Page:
Confusion in the ranks

One day, in Children’s church, a challenge arose between a Christian brother and myself. This brother was a deacon and a good friend of mine, and we had worked together on several occasions in children’s ministry. We both had led Children’s ministry activities at various times, but this time he was helping me while I was in charge of the classroom.

During class time, while this brother helped me, the children kept asking me if we could do activities other than the ones I had prepared to go with the lesson for the day. When I said “no” because I didn’t have the supplies or the time to prepare for that activity, the children would tell me that my brother-in-Christ had told them they could do what they suggested.

The challenge with this was that I was following a curriculum lesson plan and had previously purchased the supplies and prepared the activities for that lesson. I did not have the items needed for the children’s suggested activities; nor did they go with the lesson for the day.

In addition, I was not sure if the children had really got permission from my Christian brother or not. Since time was short, I didn’t want to stop for a lengthy discussion about what we were going to do. Neither did I want to have to start from scratch to plan a whole new set of lessons and activities when Children’s church was already in progress.

This confusion kept coming up, and three children told me this same story. Therefore, I had three other suggestions of what to do in class. Because this Christian brother was a Deacon I was confused, and didn’t know how to handle the situation properly. Because of the confusion, I thought it would be better not to have him help in Children’s church anymore. I told him I thought our “callings” were conflicting with one another, causing confusion. I intended to go talk with this brother later, after I had some time to think about what to say. But before I got back with him, other problems arose and I spaced it.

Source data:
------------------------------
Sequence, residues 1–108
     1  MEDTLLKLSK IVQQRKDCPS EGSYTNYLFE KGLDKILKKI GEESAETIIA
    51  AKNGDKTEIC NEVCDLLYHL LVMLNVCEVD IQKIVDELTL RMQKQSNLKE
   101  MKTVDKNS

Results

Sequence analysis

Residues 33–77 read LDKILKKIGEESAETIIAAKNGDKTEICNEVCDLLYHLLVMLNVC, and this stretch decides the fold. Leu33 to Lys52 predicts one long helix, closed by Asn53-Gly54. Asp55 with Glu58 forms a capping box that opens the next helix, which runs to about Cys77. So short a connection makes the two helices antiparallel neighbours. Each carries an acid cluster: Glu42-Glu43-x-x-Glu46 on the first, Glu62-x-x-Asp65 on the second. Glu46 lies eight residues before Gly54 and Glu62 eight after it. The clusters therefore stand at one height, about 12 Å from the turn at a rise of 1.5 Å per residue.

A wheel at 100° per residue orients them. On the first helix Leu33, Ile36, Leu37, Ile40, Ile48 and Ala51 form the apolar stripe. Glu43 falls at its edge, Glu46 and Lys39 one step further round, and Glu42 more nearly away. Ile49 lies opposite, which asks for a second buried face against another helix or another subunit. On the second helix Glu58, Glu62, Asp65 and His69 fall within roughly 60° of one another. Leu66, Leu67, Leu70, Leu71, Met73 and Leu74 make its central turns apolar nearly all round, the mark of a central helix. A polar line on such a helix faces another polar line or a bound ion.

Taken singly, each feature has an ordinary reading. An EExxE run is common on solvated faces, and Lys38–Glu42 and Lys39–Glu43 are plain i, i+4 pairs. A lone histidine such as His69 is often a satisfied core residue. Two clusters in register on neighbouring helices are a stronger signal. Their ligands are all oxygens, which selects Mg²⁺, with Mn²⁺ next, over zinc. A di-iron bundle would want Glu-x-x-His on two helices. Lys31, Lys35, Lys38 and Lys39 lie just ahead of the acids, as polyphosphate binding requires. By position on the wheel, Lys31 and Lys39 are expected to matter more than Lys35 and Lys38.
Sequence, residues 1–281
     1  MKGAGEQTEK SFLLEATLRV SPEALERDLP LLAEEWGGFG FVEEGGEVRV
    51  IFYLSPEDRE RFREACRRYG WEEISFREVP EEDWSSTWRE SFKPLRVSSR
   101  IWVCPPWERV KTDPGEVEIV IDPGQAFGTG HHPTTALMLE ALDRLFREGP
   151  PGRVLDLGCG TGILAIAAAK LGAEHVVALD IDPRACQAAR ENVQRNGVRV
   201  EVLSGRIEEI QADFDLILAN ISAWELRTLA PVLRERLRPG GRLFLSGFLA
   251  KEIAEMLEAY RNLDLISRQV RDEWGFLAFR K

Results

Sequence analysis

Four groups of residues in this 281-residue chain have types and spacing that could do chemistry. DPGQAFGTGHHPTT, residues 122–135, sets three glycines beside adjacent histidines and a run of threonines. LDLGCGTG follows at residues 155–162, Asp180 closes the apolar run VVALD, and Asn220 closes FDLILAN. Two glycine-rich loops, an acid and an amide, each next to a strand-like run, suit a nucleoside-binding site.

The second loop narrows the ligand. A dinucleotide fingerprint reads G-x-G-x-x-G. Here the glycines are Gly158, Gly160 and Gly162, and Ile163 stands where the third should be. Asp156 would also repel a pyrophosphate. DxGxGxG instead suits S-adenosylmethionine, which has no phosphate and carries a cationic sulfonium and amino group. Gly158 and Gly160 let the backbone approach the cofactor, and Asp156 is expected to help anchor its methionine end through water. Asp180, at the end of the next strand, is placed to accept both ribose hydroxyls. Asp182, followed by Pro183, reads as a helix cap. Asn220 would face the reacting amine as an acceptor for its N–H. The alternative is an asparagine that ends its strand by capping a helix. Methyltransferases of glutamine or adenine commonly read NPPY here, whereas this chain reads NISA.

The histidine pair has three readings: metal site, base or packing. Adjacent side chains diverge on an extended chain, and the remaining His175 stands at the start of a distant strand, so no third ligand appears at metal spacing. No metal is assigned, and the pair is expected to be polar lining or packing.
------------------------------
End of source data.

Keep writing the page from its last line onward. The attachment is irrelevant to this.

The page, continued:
Later this Christian brother came to me and asked me about the situation again. I tried to explain what had happened, and apologized for not getting back to him. My brother-in-Christ forgave me, and said he should have come to me sooner because we probably could have worked things out. I believe he was right, and if this situation comes up again, I will try to handle it differently.

If there is any indication that you may be faced with confusion in the ranks, take the necessary steps to clarify the situation promptly. If you don’t, Satan can use the confusion to ruin relationships and cause division in the church. When this happens, Satan manages to make God’s people ineffective at their work because they either have anger or unforgiveness in their hearts or they are focused on the confusion and the hurt inside of themselves, instead of on God.

Church leadership can help with this challenge by establishing rules and informing those ministering in classes about how to handle this type of situation. I appreciate and respect our church leadership but sometimes it helps to know how to handle the difficult circumstances that can cause confusion in the ranks.

So beware of the challenge of confusion in the ranks and settle matters quickly so Satan can’t get a foothold in the church and use it to conquer and divide. If the confusion continues, it can cause a lot of contention in the church and even lead to destruction. As Christians, we can’t allow Satan to destroy our brothers and sisters in Christ or to divide the church. We must do what is needed to prevent this disaster quickly.